Antioxidants: Good For Your Heart
My Heart ♥ Healthy Foods
Article By: Therese Droste
Antioxidants. Free radicals. If it sounds like a revolution, well, it is, and it's getting duked out right now in your body. But it's a revolution for a good cause—your health—and one you are destined to win by tweaking your dietary food choices.
Research suggests that adding antioxidants—found in fruits, vegetables and grains—to your diet is well worth it. Antioxidants may help stave off heart disease, diabetes and stroke. On top of that, some studies indicate that antioxidants may even delay the onset of many age-related diseases.
How do antioxidants work? In short, they stop free radicals, or oxidants, from traveling through your body and ravaging your cells. Free radicals are molecules created when your body metabolizes oxygen.
To visualize how an antioxidant protects your cells from the negative effects of free radicals within your body, just think of how certain foods "oxidize" when they hit the air, such as when you peel an apple and it starts to turn brown. Or, how an avocado darkens and changes to an unappetizing color once it's skinned. In the body, oxidation can produce free radicals which can in turn cause the same damage to your cells. Antioxidants protect your cells from this damage.
The main antioxidants are Vitamins E and C, beta-carotene and the trace metal selenium. Your body does not manufacture these nutrients, so they must be added through diet, from foods such as fresh vegetables like kale and spinach; fruits such as blueberries and blackberries; and whole grains including barley, rye and oats.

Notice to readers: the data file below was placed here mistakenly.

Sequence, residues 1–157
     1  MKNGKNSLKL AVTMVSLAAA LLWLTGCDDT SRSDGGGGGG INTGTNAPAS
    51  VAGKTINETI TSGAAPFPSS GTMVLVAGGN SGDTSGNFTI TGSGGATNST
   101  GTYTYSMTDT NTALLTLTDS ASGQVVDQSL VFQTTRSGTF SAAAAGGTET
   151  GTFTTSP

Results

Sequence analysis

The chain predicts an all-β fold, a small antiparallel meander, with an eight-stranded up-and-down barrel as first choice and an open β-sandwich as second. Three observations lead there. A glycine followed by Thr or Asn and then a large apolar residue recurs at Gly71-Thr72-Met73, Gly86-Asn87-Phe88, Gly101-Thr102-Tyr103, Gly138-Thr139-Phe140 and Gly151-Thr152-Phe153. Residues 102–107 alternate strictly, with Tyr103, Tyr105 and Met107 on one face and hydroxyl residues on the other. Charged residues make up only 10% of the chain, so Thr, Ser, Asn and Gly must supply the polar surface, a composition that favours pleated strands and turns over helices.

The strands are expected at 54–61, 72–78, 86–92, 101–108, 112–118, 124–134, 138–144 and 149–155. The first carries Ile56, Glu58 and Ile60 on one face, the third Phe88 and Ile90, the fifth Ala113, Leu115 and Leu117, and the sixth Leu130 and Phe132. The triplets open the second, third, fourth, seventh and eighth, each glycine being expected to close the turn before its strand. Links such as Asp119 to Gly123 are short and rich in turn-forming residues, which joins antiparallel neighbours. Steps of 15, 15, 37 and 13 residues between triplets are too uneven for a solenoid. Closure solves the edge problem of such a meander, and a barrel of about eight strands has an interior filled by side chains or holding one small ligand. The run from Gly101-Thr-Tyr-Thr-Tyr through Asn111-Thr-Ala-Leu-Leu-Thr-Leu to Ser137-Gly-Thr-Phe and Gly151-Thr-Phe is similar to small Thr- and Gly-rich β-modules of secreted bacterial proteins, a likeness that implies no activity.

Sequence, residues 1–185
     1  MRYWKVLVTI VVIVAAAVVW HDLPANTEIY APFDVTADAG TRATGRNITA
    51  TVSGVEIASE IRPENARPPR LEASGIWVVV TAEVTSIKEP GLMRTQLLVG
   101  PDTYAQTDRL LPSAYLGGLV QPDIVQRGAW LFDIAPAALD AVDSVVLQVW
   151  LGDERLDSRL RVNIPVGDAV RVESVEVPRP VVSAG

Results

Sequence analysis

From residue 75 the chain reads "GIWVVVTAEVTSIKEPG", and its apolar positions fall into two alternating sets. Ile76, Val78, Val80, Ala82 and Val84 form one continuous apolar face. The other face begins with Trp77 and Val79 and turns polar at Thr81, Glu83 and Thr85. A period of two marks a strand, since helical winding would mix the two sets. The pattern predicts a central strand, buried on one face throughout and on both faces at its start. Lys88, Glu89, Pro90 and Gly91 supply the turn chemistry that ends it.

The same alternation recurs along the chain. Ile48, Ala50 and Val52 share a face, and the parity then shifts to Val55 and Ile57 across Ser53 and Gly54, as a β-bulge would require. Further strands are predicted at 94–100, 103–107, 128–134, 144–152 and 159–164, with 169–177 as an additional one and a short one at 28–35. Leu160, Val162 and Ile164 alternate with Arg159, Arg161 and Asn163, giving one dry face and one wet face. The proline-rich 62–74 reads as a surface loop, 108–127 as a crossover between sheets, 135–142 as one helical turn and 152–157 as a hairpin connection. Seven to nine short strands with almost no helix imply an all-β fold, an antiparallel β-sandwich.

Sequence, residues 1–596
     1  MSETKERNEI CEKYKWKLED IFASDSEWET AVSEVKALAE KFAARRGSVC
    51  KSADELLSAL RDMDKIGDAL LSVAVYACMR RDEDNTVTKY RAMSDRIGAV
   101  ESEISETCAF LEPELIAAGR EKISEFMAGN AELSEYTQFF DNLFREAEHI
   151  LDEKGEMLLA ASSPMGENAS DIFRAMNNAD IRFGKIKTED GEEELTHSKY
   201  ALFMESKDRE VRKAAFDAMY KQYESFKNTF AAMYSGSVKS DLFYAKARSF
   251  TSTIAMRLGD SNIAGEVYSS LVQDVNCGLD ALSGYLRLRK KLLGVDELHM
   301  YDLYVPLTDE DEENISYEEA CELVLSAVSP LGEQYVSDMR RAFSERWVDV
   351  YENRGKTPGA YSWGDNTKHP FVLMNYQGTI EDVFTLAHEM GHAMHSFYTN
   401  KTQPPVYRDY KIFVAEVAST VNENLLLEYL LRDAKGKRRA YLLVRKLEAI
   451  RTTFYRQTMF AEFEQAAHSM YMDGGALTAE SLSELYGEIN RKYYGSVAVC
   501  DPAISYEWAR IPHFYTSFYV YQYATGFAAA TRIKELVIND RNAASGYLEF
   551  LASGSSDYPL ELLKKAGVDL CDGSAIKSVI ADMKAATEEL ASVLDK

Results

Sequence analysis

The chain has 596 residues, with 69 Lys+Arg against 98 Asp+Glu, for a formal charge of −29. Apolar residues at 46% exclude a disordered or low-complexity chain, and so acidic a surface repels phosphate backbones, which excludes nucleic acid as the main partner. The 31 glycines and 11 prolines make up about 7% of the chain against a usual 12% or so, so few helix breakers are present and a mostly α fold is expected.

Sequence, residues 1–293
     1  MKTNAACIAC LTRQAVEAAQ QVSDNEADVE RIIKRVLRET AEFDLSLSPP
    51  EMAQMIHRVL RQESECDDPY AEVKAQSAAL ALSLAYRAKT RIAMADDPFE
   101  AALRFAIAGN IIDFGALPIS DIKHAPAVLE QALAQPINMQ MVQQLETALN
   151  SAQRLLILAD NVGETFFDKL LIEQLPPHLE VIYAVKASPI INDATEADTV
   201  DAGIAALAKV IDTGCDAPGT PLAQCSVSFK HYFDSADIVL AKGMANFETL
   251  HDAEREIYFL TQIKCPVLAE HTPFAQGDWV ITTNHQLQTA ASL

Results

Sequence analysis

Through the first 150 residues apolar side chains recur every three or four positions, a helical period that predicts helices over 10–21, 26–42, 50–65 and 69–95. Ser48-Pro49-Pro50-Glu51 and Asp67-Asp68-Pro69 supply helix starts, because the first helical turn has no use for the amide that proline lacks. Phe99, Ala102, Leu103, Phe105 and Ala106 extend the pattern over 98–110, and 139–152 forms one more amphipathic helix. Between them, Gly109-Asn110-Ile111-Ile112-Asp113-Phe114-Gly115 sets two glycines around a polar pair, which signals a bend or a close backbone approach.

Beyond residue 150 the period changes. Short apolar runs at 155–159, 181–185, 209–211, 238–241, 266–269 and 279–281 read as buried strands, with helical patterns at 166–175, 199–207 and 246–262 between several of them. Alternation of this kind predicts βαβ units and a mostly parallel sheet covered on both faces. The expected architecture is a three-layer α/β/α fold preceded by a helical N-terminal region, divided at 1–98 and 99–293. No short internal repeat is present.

Increasing your antioxidant intake be as easy as adding a tomato to your morning omelet, a sweet potato to your dinner or tossing broccoli into your lunchtime salad. Try these tasty tips:
Add fruit to your morning cereal.
Blueberries, cranberries, raspberries and strawberries are packed with antioxidants. Not a cereal eater? Whip up a yogurt and milk smoothie and toss in some berries.
Follow the rainbow.
Dorothy might be disappointed that the pot at the end of the rainbow is filled with colorful fruits and vegetables. Then again, she might get over it once she learned how rich in nutrients varied colored foods are. So rather than use chips to dip into your salsa or hummus, try cherry tomatoes or sliced yellow, red or green peppers.
"An apple a day…"
There's some truth to this old axiom. Apples contain vitamin C and other antioxidants, but be sure to eat the peel, as that's where most of the nutrients are found.
Bring on the tomato sauce.
Cooking tomatoes slowly releases their antioxidant power, so go ahead and make a sauce. But don't limit your options. Tomato sauce goes well over more than just pasta. It adds a twist to cooked vegetables, vegetarian or meat "burgers", and potatoes.
Sip green tea.
Tea contains catechins, which are antioxidants. Research shows that green tea has the highest amount of catechins, possibly because it is less processed than black tea. That said, one study showed that steeping either green or black tea for about 5 minutes released over 80 percent of its catechins.
Eat your cereal.
Fortified cereals and whole grains, especially wheat germ, are rich in Vitamin E. Toss some sliced apricots on top and you're good to go.
Say yes to nuts.
Vitamin E is also found in nuts and seeds. Reach for a handful of almonds or walnuts rather than a candy bar when your energy dips.
Squeeze fresh orange juice for a real treat in the morning. Kiwi and strawberries are also rich in Vitamin C, and are easy to snack on.
Eat your broccoli.
If broccoli isn't your thing, add spinach or green peppers to your salad. Kale and cabbage also pack a punch of Vitamin C.
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